But it also says in verse 37, “By thy words thou shalt be justified.” Now what does that mean? That means that a believer is going to be ultimately justified objectively by his words. We are saved by our faith in Christ, but it is manifest in our words so that our words can become a valid criteria by which our salvation can be made obvious, patent, manifest. When there is a transformed heart, there will be a transformed mouth, because out of the abundance of the heart – what? – the mouth speaks. Well, every once in a while, my mouth sounds a lot like my old self. Doesn’t yours? But still there are times when it is definitely representative of my new heart. You see, an unbeliever can never speak good things – I mean, really good, ultimately good. And we’ll see that in a moment. But a believer will speak good things, though often also evil things. That’s the difference. But we will be justified by our mouth.
What does this saying to you? Listen, there is no such thing as proving your salvation apart from some objective observation and demonstration. The Bible says you’re saved by the manifestation of good works and good words; that is, your salvation is made visible, obvious, verified, validated. So don’t come to me and say you know somebody who’s a Christian but they just don’t show it. There’s no such thing. We don’t show it enough, but we show it, because we are created unto good works.
Now with that judgment in mind, based on words, then go back to verse 36. Consequently, we have to give an account for every idle word that we speak. Now this is tremendous accountability. Now if He’d have said, “For every blasphemous word,” then we would only feel accountable for blasphemies. So He says every idle word, every useless word – is what it means – useless, barren, unproductive, careless. It isn’t just the worst of our words; it’s all of our words that are useless. We are accountable for all of them.
Now take the unbeliever. How does this relate to him? And he is the main object, because He’s speaking here about the Pharisees. What does this idle idea mean? Well, first of all, it means useless – words of no value, no purpose, barren, unproductive, no good product, ineffective in promoting God’s kingdom and God’s glory. Now they may be words that are nice. They might be nice little words like, “I love you,” to their children or, “I love you,” to their wife or words of kindness and comfort and gentleness, sometimes words of truth and wisdom, but they are useless in promoting the kingdom of God, in advancing the name of Christ and exalting God’s glory. They cannot do that. At best, they are humanly good, but not divinely good. Do you understand? They are earthly. They are trapped in the plane of the passing. And so they are useless in terms of the advance of the kingdom, in terms of the exaltation of the Son of God. In terms of the glory of God, they are useless, purposeless, ineffective; they do not promote those kinds of things. And in God’s eyes, that which is good is good because of the fact that it gives glory to God. You see? That is true goodness, and the unregenerate man cannot do that. So his words, at the very best, are useless. And all of his useless words – and we could even say this verse another way, “I say to you that every useless word you speak.” And it’s not that He’s saying, “Every useless word,” but, “Every word you speak is useless.” Because even at their best, they are useless in terms of promoting ultimate good, ultimate glory, and the kingdom of God.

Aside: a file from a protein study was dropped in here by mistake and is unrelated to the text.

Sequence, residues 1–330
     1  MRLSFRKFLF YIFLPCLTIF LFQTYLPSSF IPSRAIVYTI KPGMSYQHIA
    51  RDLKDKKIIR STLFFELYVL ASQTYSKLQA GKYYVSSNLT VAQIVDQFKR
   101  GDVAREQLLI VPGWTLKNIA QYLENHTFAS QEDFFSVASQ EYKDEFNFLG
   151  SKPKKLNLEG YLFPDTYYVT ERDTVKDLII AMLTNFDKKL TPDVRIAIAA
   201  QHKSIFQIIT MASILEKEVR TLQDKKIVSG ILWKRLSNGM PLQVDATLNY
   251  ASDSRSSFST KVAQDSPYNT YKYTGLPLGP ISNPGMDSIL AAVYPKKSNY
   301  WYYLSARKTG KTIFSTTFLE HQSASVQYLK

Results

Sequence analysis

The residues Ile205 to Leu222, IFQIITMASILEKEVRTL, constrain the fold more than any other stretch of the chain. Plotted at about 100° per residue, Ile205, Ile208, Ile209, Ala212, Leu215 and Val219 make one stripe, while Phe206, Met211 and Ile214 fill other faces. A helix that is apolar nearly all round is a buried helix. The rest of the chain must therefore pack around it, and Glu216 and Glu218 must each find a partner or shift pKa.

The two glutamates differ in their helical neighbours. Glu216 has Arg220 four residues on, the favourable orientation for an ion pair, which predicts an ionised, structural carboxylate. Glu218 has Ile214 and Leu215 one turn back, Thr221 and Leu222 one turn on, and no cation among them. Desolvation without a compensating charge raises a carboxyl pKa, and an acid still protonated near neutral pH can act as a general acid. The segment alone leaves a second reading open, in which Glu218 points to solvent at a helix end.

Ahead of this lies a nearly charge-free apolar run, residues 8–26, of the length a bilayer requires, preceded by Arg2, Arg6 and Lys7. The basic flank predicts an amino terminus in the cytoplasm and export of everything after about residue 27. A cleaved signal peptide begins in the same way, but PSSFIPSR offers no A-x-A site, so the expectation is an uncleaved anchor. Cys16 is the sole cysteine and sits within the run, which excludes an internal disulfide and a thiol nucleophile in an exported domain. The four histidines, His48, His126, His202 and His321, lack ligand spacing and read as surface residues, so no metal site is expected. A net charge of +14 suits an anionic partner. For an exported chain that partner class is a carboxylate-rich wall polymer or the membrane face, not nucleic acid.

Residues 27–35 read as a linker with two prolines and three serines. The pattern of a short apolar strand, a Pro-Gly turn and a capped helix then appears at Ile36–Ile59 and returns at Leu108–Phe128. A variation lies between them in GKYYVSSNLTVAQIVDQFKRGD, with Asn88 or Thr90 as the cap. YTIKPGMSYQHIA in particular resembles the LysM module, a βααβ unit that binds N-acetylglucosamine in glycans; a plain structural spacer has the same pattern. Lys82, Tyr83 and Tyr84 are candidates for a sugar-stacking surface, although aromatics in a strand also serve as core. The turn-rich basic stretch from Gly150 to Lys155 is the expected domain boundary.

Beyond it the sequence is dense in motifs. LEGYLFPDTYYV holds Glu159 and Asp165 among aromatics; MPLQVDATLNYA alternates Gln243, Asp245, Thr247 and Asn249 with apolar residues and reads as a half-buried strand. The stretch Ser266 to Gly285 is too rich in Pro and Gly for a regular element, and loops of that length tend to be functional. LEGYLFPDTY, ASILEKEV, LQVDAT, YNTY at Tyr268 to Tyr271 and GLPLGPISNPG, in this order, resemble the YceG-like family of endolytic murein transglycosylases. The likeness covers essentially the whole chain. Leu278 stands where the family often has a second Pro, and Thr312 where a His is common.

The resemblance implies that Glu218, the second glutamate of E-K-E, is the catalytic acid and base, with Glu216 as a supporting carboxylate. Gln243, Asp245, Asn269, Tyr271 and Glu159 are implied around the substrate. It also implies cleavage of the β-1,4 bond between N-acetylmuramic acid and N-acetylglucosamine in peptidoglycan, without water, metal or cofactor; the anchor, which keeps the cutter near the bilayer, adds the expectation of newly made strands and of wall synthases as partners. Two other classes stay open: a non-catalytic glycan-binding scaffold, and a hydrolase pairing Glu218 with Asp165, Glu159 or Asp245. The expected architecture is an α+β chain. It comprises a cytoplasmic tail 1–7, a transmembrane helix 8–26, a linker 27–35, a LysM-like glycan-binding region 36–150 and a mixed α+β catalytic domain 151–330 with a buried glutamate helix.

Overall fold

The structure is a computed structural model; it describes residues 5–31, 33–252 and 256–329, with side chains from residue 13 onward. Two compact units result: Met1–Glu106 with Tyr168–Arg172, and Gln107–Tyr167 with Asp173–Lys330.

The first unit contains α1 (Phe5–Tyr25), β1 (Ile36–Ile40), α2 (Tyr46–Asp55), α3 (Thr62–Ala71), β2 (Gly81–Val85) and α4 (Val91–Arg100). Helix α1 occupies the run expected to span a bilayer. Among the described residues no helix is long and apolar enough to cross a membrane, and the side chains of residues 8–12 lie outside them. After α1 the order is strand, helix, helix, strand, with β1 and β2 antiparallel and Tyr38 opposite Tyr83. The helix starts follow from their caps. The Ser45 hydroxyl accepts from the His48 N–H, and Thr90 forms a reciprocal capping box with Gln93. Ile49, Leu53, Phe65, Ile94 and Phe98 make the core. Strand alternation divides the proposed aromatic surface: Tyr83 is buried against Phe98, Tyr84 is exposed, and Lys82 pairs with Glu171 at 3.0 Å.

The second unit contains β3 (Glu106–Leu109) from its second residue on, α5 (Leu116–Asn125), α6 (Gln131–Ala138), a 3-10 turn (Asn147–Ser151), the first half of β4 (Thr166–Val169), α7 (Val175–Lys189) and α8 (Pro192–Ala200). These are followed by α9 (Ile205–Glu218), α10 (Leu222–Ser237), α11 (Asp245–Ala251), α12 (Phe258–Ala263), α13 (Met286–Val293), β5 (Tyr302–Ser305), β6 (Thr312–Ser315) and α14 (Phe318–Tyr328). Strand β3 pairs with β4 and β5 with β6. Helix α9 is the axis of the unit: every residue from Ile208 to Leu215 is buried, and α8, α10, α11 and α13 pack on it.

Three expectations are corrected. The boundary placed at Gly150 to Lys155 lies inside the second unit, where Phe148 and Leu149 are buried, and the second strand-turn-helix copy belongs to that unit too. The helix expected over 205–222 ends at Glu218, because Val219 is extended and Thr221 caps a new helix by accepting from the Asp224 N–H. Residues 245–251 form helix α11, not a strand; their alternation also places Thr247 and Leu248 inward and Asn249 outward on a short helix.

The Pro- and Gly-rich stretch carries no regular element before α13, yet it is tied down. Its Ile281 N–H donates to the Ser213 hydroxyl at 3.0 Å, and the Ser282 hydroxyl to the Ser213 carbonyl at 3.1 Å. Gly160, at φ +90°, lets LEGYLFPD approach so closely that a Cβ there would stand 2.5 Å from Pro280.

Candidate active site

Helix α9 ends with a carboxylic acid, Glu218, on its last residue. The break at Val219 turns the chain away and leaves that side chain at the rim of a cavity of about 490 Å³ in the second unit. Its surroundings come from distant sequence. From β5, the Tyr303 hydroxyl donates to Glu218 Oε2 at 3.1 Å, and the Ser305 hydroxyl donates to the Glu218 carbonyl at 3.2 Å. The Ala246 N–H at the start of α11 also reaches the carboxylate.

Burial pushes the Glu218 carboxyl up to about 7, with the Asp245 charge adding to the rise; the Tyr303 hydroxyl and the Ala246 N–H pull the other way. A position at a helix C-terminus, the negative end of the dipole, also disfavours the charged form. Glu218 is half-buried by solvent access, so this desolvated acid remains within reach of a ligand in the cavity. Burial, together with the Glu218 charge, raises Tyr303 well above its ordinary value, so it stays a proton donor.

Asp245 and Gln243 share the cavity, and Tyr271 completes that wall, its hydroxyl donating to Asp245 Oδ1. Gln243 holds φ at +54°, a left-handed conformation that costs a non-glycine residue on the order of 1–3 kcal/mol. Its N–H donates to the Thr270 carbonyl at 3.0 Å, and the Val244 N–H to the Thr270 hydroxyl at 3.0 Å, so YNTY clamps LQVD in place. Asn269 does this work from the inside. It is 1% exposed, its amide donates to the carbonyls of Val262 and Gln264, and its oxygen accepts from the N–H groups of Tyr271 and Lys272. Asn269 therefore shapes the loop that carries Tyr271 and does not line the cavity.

Now listen to me, if men then are going to be judged for their useless words, think how much they’ll be judged for their blasphemous words. The unbelieving world – just think about the verbiage in our world. I mean, talk, talk, talk, everybody’s doing his 25,000 to 30,000. Everybod’s writing his 264 200-page books every year. Everyone is talking, talking, talking, opinions and opinions. The sum of all of those in terms of actual goodness to the advance of the kingdom of God, the exaltation of the Son of God, and the glory of God is nil – nothing. They’re all idle words, and they’ll be accountable for the fact that in their whole lifetime, they spoke no thing that advanced the kingdom of God, no thing that gave glory to Jesus Christ or the Father.